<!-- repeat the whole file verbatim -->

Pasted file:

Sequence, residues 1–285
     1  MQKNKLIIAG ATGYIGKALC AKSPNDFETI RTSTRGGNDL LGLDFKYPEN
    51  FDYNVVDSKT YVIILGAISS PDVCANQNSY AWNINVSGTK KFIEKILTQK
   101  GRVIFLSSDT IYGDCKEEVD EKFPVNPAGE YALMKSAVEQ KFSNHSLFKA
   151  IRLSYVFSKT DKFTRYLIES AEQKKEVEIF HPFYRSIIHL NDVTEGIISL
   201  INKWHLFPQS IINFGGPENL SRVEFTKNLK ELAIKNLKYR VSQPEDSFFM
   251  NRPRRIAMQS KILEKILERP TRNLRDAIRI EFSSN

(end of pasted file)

Sequence, residues 1–285
     1  MQKNKLIIAG ATGYIGKALC AKSPNDFETI RTSTRGGNDL LGLDFKYPEN
    51  FDYNVVDSKT YVIILGAISS PDVCANQNSY AWNINVSGTK KFIEKILTQK
   101  GRVIFLSSDT IYGDCKEEVD EKFPVNPAGE YALMKSAVEQ KFSNHSLFKA
   151  IRLSYVFSKT DKFTRYLIES AEQKKEVEIF HPFYRSIIHL NDVTEGIISL
   201  INKWHLFPQS IINFGGPENL SRVEFTKNLK ELAIKNLKYR VSQPEDSFFM
   251  NRPRRIAMQS KILEKILERP TRNLRDAIRI EFSSN